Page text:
The Trouble with Traffic
by Mark Ryski
Whether same-store sales are up or down, analysts want to know what drove results. If you've listened in on an earnings call for a major retailer lately, undoubtedly you've heard the question: was it ticket or traffic?
It seems Wall Street analysts who poke and prod retail executives during the sometimes contentious Q&A sessions have distilled the “what drove same-store sales” question down to these two variables – either more people coming into the store and/or selling more stuff to the buyers.
The “ticket or traffic” question is certainly relevant, so when analysts ask, retail executives are compelled to answer. Answering the "ticket" part is simple enough – any POS system can produce the answer to whether average ticket values have increased or not. But what about traffic?
While virtually every retailer provides an answer to the “was traffic up or down” question, here's the rub: most retailers don't actually measure traffic in their stores. How’s that possible? Simple: traffic, it seems, has more than one meaning.
When a retailer is asked if traffic is up or down, there’s a very good chance that the answer provided actually refers to the chain’s “transaction count” or what is sometimes ambiguously referred to as “customer count.” No one seems to probe on this so, by default, transaction count has become an acceptable proxy for store traffic count. But there’s another rub: transaction count is not the same as traffic count.
Transaction Counts vs. Traffic Counts – Hits vs. At-Bats
To say that transaction count represents a reliable proxy for store traffic is analogous to saying that hits are a reliable proxy for at-bats in baseball. Yes, the two stats are related, but they are not proxies – not even close.
If baseball statisticians only tracked hits, without considering at-bats and batting average, how much less would we understand about the greatness of players like Ty Cobb or Babe Ruth? A lot less. The same is true for retailers. Transaction counts (hits) may be up, but knowing if it was a result of an increase in store traffic (at-bats), or that the retailer was more effective at converting the store traffic it got is an important distinction. This is not a subtle point. Here’s why.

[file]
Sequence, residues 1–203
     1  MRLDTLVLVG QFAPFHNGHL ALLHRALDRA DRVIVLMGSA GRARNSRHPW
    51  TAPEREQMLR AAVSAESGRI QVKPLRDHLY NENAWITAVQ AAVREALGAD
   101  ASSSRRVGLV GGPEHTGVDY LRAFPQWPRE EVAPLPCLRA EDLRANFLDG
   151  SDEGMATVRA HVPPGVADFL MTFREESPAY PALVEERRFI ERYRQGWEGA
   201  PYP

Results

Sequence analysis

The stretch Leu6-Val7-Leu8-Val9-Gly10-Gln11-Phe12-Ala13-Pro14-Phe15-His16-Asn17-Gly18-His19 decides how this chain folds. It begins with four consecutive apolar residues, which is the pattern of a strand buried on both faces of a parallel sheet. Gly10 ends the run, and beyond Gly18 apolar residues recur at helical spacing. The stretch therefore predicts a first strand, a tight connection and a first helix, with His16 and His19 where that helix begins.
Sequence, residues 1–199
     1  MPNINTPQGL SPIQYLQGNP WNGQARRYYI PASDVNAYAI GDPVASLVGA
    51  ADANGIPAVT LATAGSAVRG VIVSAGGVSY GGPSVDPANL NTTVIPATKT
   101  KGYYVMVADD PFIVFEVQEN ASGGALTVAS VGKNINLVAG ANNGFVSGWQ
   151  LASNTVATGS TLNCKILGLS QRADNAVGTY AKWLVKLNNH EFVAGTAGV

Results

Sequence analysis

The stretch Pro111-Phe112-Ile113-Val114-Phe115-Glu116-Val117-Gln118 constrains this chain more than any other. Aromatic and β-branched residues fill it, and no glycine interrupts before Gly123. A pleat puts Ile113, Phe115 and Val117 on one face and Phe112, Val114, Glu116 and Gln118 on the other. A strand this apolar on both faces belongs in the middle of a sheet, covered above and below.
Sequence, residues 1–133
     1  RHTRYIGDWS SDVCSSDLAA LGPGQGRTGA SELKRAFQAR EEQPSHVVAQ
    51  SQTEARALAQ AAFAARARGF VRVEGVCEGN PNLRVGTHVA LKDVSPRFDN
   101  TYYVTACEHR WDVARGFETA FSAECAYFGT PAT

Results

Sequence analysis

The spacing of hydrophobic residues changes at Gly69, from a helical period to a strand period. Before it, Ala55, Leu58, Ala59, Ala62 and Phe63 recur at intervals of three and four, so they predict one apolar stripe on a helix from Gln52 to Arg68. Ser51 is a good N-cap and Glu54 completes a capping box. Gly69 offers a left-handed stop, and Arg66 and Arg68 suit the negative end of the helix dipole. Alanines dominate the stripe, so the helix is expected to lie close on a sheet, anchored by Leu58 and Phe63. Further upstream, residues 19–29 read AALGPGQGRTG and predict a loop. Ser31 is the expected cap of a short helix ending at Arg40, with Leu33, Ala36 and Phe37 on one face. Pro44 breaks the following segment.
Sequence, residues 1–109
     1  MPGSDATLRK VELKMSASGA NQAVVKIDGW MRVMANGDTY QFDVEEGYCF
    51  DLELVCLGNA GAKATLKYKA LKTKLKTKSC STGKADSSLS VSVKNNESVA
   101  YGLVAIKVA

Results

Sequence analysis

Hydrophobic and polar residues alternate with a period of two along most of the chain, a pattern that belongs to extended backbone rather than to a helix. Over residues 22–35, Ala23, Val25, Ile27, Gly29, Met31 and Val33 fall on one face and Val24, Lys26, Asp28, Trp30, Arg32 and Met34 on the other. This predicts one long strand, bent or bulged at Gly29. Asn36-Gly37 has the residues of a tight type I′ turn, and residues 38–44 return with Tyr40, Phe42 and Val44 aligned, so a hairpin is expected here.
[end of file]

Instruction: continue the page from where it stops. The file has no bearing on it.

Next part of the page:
Why Store Traffic Matters
Store traffic is a measure of all the people who visit the store, including buyers and non-buyers. Traffic is a leading indicator that tells us something about a chain’s sales opportunity – more traffic, more opportunity. If traffic is trending up, this is clearly a positive sign. It suggests that the brand is in favor and opportunities abound. The converse is also true. If store traffic is waning, this is disconcerting and it could indicate that the banner is falling out of favor. The number of sales opportunities is decreasing. The problem with relying on transaction counts as a proxy for traffic is that they could be going up regardless of whether actual store traffic is going up or down. To understand this apparent paradox, you need to consider the retailers’ batting average.
Conversion Rate – Retail Batting Average
As mentioned, store traffic count defines the sales opportunity and is analogous to at-bats. Transaction count represents buyers only and is analogous to hits. So, then, a retailer’s batting average, or conversion rate, is calculated by dividing the transaction count by the store traffic count – just like in calculating batting average.
Store traffic and conversion rates tend to be inversely related. When store traffic falls, associates are able to deliver a higher level of service, check-out lines are shorter, and generally it’s easier to buy. The transaction count often goes up, despite the fact that there is actually less traffic in the store. In this case store traffic didn’t increase, but if the retailer only has transaction counts to rely upon, then he reports “traffic is up”. But it’s not and all parties – the retailers and the inquisitive analysts – seem to tolerate the ambiguity.
Don’t Ask, Don’t Tell
One Wall Streeter told me that you can’t ask a retailer about traffic counts if they don’t track traffic in their stores. True, but you also can’t have two definitions for this basic metric either. If you want to ask about transaction counts then ask for transaction counts; if you want to ask about store traffic, then ask for store traffic. This shouldn’t be open to interpretation.
There is a simple way to inject clarity into what has become a convoluted question. Instead of asking retailers if it was “ticket or traffic” that drove results, analysts should ask if it was “ticket, traffic or conversion”. While most retailers don’t track store traffic and so won’t be able to answer, at least it will be clear that they don’t and you will know they mean transaction count – which on its own tells us little about what drove results. As for the retailers who do track store traffic and measure conversion rates, you will have a much deeper insight into what actually drove sales results.
Retailers, and Wall Street, need to take a page out of the baseball playbook.
Mark Ryski is author of Conversion: The Last Great Retail Metric and When Retail Customers Count and founder of HeadCount Corporation. For more information, please visit www.headcount.com.